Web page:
Article originally published in The Mercer County Outlook
Dr. Robert Hiskey, Associate Professor of Biological Sciences at Wright State University – Lake Campus, will be collecting samples and providing data for the Grand Lake St. Marys Restoration Initiative, an effort led by the Grand Lake Restoration Commission to clean up Grand Lake St. Marys. The Lake Campus is located on the northern shores of the lake and has a vested interest in improving the quality of water in Grand Lake St. Marys.
Hiskey currently extracts his samples from two locations, both of which are in proximity to the "Airy-Gators" which were installed this spring on the south side of the lake. The Airy-Gator system increases the dissolved oxygen and circulation in Grand Lake St. Marys.
Three nutrients Dr. Hiskey will be monitoring include phosphorus, chlorophyll and nitrate. High levels of chlorophyll are desirable because it increases the amount of oxygen in the lake. Dr. Hiskey has a new piece of equipment, a Flurometer, that pumps lake water through the machine to instantly measure the chlorophyll level. Dr. Hiskey notes that although the scientific equipment is very expensive, Lake Campus funds and donations to the Grand Lake Restoration Commission enabled the purchase of the Flurometer.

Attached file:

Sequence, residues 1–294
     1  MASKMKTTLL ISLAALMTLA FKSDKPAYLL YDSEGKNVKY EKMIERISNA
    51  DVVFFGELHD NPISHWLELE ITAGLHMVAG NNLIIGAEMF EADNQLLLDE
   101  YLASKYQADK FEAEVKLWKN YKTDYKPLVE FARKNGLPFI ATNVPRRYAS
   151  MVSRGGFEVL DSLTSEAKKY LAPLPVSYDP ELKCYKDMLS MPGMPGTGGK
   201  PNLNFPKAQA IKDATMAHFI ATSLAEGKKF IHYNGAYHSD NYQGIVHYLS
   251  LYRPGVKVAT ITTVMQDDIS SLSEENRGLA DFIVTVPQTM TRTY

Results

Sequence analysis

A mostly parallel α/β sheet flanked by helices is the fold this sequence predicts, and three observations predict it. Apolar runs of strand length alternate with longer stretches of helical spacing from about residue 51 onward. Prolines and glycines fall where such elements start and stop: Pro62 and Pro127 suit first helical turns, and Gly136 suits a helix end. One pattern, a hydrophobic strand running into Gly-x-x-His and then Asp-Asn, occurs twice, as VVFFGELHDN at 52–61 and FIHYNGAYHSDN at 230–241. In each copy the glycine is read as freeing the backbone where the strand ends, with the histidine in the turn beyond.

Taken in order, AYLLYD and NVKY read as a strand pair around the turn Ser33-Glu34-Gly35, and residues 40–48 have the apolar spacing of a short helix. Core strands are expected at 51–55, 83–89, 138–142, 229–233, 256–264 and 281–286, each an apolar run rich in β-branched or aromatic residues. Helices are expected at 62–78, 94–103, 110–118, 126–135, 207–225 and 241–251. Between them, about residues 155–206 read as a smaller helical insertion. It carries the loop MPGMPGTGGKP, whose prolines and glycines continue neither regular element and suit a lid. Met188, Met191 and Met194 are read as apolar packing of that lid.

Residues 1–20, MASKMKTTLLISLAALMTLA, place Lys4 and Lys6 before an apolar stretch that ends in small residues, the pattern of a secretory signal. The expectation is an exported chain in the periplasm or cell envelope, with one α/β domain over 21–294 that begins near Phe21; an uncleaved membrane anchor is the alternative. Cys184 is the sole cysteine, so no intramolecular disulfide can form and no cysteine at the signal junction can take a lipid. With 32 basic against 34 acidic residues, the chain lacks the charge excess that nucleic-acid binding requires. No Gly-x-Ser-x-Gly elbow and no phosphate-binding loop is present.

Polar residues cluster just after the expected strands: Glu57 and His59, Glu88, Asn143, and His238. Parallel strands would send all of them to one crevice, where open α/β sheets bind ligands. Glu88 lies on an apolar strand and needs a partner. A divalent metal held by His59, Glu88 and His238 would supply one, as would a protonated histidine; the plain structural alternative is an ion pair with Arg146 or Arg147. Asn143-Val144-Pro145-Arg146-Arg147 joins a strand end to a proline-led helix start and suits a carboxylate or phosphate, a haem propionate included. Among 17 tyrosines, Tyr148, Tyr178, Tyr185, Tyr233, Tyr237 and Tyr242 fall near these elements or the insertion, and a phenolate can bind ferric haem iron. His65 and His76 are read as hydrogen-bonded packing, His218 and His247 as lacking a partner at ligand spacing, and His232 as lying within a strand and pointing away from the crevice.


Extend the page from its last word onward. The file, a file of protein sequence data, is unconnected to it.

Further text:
Hiskey also has several other pieces of equipment he and his students use to measure the levels of phosphorus and nitrogen in the lake. A high level of phosphorus and nitrogen is lethal combination that can cause blue-green algae to be present in fresh water. Last summer Grand Lake St. Marys users were notified by the Ohio Department of Natural Resources (ODNR) and Ohio EPA that blue-green algae was present and that the algae can cause health complications to humans, plants and animals. This problem sparked the initiative to improve the quality of water in Grand Lake St. Marys.
Dr. Hiskey, Lake Campus students and other faculty members will be monitoring the waters of Grand Lake St. Marys on a weekly basis throughout the summer and will report their findings. Dr. Hiskey notes that the water quality of the lake is some of the best he has seen in while, and he is excited that he and his students are a resource for this initiative.